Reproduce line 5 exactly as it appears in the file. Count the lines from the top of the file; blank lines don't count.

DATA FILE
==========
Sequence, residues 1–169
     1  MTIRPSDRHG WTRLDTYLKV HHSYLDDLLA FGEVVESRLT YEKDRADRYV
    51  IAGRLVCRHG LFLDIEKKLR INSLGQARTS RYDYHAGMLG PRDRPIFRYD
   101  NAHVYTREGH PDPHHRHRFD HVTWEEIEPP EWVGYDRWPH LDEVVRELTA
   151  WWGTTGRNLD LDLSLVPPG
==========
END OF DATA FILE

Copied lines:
   151  WWGTTGRNLD LDLSLVPPG